5+1 reason to start using Kaizala and how this compares to Teams

Kaizala and Teams got big news last week. Kaizala went generally available worldwide with 40+ languages. Each region has data-centers to host data. In short: European data is hosted in EU. This matters especially when you connect Kaizala group into your Office 365: these groups are owned, managed and controlled by the tenant organization.

Picture by Microsoft

The huge news was of course the announcement to start bringing Kaizala capabilities into Microsoft Teams as a integrated offering. Over the next 12-18 months we should see how this unravels to Teams and Kaizala.

Playing with the thought and possible directions: either the Teams mobile client can manage different kinds of groups and identity Kaizala provides now (private and public groups, no authentication needed – people join in via links, invites, codes or emails (upcoming to Kaizala) or Kaizala mobile app reaches out towards Teams – making it possible to chat and interact with Teams groups directly from the Kaizala app. Or perhaps by the end of 2020 we have something that is a mix between those two but it will be definitely be a better and clearer scenario. Since Kaizala went to GA worldwide the app and service itself won’t be going away for a while.

During this quarter (by the summer) there should be a rough roadmap about Kaizala-Teams integration and it’s phases. I suspect it will be a lot like Skype->Teams roadmap was: it will give us hints but it will also be updating along the road a few times with 3-4 key release points.

However, this news should not stop us from using Kaizala now – instead quite the opposite. Even for organization that use Teams there can be useful scenarios for Kaizala. After all – Kaizala is now released for production with support.

Remember that you are not adding a new tool – you are answering to business needs. There may be a void currently that Kaizala can fill, or there are other tools in use that Kaizala replaces and processes that can be streamlined. If you are adding Kaizala just for kicks you are confusing your users and making work life more complex instead. It is a good idea always to use pilot groups, champions and new tech early adopters to discover benefits, best shared practices and to create a Playbook.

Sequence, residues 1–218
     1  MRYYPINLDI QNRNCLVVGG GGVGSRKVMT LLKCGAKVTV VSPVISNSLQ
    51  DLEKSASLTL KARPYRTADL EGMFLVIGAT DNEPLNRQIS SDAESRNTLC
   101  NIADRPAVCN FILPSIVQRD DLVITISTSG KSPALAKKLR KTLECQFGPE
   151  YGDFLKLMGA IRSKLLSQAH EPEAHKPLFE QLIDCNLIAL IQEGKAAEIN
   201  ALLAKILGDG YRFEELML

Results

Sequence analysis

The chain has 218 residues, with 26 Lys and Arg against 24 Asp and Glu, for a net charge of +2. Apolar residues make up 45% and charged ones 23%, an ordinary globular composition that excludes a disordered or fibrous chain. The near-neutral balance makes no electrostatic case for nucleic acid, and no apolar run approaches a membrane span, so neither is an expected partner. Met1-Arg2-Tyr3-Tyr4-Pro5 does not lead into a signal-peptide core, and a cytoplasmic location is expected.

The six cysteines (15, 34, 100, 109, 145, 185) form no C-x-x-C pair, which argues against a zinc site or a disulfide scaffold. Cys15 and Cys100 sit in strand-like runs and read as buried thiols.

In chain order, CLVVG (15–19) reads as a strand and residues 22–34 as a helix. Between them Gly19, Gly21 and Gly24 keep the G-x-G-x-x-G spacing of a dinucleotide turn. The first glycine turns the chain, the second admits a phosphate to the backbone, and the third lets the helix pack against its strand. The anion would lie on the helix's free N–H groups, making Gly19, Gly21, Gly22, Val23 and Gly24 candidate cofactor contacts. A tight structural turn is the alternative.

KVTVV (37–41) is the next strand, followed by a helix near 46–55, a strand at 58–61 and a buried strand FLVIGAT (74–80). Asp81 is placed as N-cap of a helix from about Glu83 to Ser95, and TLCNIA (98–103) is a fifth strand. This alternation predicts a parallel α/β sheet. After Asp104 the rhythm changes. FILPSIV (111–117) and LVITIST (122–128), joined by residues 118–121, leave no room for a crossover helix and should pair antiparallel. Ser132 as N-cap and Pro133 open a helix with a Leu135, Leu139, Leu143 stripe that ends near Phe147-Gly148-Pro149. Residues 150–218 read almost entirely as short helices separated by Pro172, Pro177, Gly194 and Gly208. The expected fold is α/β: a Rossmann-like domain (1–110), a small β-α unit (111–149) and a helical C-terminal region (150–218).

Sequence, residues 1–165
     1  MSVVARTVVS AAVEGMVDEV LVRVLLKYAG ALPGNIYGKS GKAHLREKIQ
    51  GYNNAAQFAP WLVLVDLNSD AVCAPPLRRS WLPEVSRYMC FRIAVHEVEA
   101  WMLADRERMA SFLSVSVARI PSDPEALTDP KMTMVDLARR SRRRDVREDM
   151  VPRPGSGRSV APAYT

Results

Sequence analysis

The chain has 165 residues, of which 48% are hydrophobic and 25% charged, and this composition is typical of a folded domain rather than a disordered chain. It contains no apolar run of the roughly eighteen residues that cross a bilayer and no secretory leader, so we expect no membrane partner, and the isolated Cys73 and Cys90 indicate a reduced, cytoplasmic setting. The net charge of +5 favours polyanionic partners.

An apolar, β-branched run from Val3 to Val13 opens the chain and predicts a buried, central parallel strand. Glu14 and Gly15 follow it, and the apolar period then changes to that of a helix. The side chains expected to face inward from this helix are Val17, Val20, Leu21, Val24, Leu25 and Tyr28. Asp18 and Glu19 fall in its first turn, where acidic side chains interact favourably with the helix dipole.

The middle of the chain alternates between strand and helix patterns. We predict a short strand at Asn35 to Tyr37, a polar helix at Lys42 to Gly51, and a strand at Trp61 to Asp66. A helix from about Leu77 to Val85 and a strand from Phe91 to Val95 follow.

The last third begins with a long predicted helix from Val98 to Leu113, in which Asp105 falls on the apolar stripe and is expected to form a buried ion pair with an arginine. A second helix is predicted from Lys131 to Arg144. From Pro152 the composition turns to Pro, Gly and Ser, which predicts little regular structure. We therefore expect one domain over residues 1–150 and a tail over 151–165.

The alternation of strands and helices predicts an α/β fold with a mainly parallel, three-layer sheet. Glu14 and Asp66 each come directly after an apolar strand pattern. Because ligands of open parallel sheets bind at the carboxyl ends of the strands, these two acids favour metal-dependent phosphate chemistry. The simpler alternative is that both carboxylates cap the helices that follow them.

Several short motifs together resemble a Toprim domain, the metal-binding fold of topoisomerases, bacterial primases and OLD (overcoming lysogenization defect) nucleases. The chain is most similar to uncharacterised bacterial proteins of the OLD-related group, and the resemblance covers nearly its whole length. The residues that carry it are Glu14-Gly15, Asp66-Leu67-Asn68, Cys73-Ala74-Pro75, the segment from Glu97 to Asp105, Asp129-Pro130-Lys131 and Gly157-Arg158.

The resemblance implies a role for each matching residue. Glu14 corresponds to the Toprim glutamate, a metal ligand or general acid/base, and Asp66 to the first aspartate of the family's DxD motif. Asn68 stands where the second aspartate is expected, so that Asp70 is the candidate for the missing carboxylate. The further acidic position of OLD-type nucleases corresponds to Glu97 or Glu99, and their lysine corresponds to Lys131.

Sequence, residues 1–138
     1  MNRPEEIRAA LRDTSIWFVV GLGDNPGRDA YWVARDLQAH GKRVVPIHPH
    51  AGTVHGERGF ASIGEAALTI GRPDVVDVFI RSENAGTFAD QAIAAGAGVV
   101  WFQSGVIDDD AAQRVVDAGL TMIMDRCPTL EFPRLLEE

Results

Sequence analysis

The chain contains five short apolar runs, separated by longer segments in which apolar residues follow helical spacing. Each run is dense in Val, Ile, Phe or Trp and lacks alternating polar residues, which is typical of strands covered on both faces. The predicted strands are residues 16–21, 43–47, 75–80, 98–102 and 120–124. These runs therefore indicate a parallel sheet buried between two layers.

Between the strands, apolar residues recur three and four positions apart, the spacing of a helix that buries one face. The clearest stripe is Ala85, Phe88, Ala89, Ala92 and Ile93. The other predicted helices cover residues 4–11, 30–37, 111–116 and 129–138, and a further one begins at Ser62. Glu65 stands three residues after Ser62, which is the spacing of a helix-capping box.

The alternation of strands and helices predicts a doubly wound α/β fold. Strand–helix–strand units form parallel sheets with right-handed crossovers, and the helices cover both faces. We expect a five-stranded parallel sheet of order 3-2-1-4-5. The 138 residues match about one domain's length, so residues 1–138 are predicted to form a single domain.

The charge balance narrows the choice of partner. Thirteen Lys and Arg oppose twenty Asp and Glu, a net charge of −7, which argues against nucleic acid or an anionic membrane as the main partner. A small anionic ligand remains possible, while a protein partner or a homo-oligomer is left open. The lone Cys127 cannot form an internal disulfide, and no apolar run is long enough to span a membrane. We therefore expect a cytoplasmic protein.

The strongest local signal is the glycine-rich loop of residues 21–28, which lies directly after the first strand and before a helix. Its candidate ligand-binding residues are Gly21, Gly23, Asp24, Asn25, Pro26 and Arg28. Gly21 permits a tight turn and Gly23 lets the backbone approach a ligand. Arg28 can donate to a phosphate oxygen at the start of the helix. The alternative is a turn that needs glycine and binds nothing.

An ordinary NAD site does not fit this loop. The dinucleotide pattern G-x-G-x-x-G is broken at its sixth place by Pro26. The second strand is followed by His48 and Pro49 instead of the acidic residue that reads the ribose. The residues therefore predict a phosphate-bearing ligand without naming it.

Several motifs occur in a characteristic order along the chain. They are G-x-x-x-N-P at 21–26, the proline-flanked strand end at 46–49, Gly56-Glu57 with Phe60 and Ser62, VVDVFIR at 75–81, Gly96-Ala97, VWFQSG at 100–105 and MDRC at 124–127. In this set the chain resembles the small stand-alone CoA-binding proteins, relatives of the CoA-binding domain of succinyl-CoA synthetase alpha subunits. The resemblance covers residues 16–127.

Make sure your users understand What, When and Why.

1. Reduce shadow-IT

This is a very obvious when. If you have groups in your organization that use WhatsApp (or something else) for company related matters they should be persuaded to move into Kaizala. This is about security and company management & owning the data. Typical groups can be cross-business expert groups, steering groups, groups of people in similar role. Perhaps they started to use some tool for chats earlier and just keep on using that. While Teams would be a perfect tool (from organization and playbook wise) they might not see it that way. They want to keep the chat separate from projects and ”office” tools. Perhaps they’d start to use Kaizala to have a secure messaging?

2. Lightweight-extranets

There are lots of light-weight needs for extranets. Organization needs to provide re-sellers or other partners latest information and documents and give them a channel for questions & feedback. These organizations may not have Office 365 and thus as reluctant to start using Teams .. and you would have to manage the external access and accounts as well. Creating a light-weight extranet with Kaizala is a better option than sharing files/information via email, consumer tools or people not updating/visiting frequently the legacy extranet due to difficult UI.

In these scenarios you should plan how to use Kaizala and how to manage that the users in the group are up to date (thus removing members who no longer work for re-sellers etc).